The alarm bell is once again ringing over Android security.
A Forbes report cites security experts dinging Google over the company’s decision to no longer issue security updates for WebView in devices running Android 4.3 (Jelly Bean) or lower.
WebView is a key component of the Android OS that lets apps show web content inside of an app instead of kicking you over to a browser. It may be used in RSS readers or other applications that connect you to web content—it’s often more convenient to read an article or fill out a form without needing to leave the app. However, the danger is that a hacker could exploit a vulnerability in WebView and sneak in some malicious code, thereby infecting your device.
With KitKat (Android 4.4), WebView is now based on Chromium, which powers the Chrome browser, making it more secure. In Lollipop (Android 5.0), Google unbundled WebView from operating system updates, so it can get regular security patches and performance improvements through Google Play. Chrome is a major piece of the Google empire, so it’s a high priority in terms of keeping things stable and secure.
That’s not going to help those using an older device. However, even if Google did issue a patch, it would require an OS update for you to get it on an older phone or tablet. There are millions of devices out there still running Jelly Bean, Ice Cream Sandwich, or even Gingerbread. Often hardware makers cut ties with older devices, hoping you’ll buy a new one. Once Google pushes out an update to Android, it’s up to the phone makers to decide who gets it.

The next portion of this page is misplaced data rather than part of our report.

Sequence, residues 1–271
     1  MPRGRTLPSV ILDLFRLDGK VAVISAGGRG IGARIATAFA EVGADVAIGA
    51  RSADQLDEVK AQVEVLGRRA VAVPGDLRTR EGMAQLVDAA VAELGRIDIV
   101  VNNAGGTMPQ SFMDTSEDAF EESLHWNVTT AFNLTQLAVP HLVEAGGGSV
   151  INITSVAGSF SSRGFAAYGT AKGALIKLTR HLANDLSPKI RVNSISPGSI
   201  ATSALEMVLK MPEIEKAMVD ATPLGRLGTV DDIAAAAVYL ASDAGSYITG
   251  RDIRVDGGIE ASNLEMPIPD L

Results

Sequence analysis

So, while there are nearly a billion users in the world who will no longer receive WebKit security updates from Google, it’s certainly true that a huge portion of them are no longer getting OS updates at all, anyway. Thus the real impact of Google’s decision not to update WebKit for pre-KitKat devices is rather hard to measure.
It looks that Google is taking the long view with this issue, focusing its efforts on a better method for addressing WebView security than chasing flaws to make patches that wouldn’t get deployed to older phones, anyway. This latest security issue is another symptom of how large and fragmented the Android ecosystem really is.
Why this matters: Whether it’s fair or not, Android has been pegged as the “less secure” operating system when compared to iOS. Yes there are plenty of cheap Android phones that don’t get updates and are probably insecure, but by and large if you stick to one of the big-brand flagship devices and follow good security practices you should be all right.